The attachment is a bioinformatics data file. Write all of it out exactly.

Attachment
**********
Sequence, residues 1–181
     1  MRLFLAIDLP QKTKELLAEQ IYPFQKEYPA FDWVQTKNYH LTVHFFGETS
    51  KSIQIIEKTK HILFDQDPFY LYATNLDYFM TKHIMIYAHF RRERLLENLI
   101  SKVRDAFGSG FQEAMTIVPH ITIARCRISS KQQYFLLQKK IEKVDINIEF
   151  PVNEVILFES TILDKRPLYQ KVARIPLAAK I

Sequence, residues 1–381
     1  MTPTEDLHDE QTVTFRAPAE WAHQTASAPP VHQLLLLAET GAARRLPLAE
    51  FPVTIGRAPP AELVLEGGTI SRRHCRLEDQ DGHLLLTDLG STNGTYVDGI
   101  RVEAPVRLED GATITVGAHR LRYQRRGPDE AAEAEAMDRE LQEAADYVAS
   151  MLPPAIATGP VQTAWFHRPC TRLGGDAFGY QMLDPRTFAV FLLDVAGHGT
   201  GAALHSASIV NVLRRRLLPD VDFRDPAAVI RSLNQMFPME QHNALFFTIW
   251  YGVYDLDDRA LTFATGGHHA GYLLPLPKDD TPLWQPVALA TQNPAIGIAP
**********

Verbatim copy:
Sequence, residues 1–181
     1  MRLFLAIDLP QKTKELLAEQ IYPFQKEYPA FDWVQTKNYH LTVHFFGETS
    51  KSIQIIEKTK HILFDQDPFY LYATNLDYFM TKHIMIYAHF RRERLLENLI
   101  SKVRDAFGSG FQEAMTIVPH ITIARCRISS KQQYFLLQKK IEKVDINIEF
   151  PVNEVILFES TILDKRPLYQ KVARIPLAAK I

Sequence, residues 1–381
     1  MTPTEDLHDE QTVTFRAPAE WAHQTASAPP VHQLLLLAET GAARRLPLAE
    51  FPVTIGRAPP AELVLEGGTI SRRHCRLEDQ DGHLLLTDLG STNGTYVDGI
   101  RVEAPVRLED GATITVGAHR LRYQRRGPDE AAEAEAMDRE LQEAADYVAS
   151  MLPPAIATGP VQTAWFHRPC TRLGGDAFGY QMLDPRTFAV FLLDVAGHGT
   201  GAALHSASIV NVLRRRLLPD VDFRDPAAVI RSLNQMFPME QHNALFFTIW
   251  YGVYDLDDRA LTFATGGHHA GYLLPLPKDD TPLWQPVALA TQNPAIGIAP